Fanfiction communities are shaped by the engaged interactions occurring between readers and authors, and it is these very interactions that allow fanfiction to evolve and become more compatible with the particular tastes of the community. In some aspects, this is what makes fanfiction so unique and so different from published fiction. Readers are heavily involved in the writing process because their engagement is essential for fanfictions to be recognized as valid interpretations of a community. Through reader engagement, authors can also understand the demands of their audiences to more efficiently target them, so that a panoply of smaller communities evolve within larger communities. Fanfiction, in its attempt to diversify the Tolkien canon, for example, becomes more inclusive of the particular tastes of its community. Of course, the conclusions presented in this essay are based on a limited sample of interactions between the author and the readers, which are themselves only a small part of the Tolkien fandom as a whole. Nevertheless, I believe that a close analysis of these reader responses gives a compelling insight into the mechanisms of fanfiction communities and of fandoms as a whole.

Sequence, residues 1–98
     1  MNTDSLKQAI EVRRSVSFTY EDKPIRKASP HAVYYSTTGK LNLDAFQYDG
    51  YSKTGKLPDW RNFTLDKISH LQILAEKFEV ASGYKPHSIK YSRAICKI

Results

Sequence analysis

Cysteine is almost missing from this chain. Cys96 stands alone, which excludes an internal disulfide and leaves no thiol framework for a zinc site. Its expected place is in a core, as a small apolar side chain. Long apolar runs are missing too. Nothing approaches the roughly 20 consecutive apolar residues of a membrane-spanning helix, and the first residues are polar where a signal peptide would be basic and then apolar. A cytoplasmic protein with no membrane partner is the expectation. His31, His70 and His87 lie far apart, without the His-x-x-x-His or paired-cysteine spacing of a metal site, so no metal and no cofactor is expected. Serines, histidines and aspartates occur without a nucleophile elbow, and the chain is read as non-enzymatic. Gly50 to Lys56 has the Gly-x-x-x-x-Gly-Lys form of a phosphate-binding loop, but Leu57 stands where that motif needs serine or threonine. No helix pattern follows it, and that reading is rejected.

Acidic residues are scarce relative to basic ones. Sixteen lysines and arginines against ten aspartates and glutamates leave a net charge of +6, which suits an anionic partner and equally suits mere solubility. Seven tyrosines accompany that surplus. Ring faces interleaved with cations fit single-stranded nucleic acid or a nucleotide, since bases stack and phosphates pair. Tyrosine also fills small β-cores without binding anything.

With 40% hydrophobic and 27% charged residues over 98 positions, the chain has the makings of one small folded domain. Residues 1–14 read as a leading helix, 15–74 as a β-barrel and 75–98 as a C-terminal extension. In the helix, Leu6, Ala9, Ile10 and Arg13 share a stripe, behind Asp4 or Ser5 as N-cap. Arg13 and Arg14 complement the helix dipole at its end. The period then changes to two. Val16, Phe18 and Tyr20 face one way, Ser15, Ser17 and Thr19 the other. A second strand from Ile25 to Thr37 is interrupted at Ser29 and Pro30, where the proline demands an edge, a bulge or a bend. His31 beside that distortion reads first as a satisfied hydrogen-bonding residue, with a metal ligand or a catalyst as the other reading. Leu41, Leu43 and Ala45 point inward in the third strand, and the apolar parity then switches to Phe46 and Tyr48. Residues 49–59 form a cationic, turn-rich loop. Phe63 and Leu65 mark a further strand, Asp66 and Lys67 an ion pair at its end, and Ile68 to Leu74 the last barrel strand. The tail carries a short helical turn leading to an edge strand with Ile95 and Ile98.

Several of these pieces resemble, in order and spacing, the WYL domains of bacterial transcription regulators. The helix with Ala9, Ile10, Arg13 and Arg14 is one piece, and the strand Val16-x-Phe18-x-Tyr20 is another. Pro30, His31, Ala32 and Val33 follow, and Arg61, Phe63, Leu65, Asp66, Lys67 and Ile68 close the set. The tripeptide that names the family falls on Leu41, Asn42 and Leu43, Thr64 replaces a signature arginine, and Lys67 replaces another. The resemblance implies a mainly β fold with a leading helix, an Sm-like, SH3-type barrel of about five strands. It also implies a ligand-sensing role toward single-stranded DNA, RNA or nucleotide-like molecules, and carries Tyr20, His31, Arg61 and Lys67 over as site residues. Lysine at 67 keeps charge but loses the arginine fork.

[1] A popular website to share and read fanfiction.

[2] In Interpreting the Variorum, Stanley Fish asserts that interpretive communities are groups of people who interpret texts in similar ways (Fish 207).

[3] ‘Fix-it’ refers to fics in which the author removes or modifies something from the canon that they do not like. ‘Alternate universe’ refers to exploring canon events and facts in a non-canonical way; these include alternate timelines and crossovers, for example.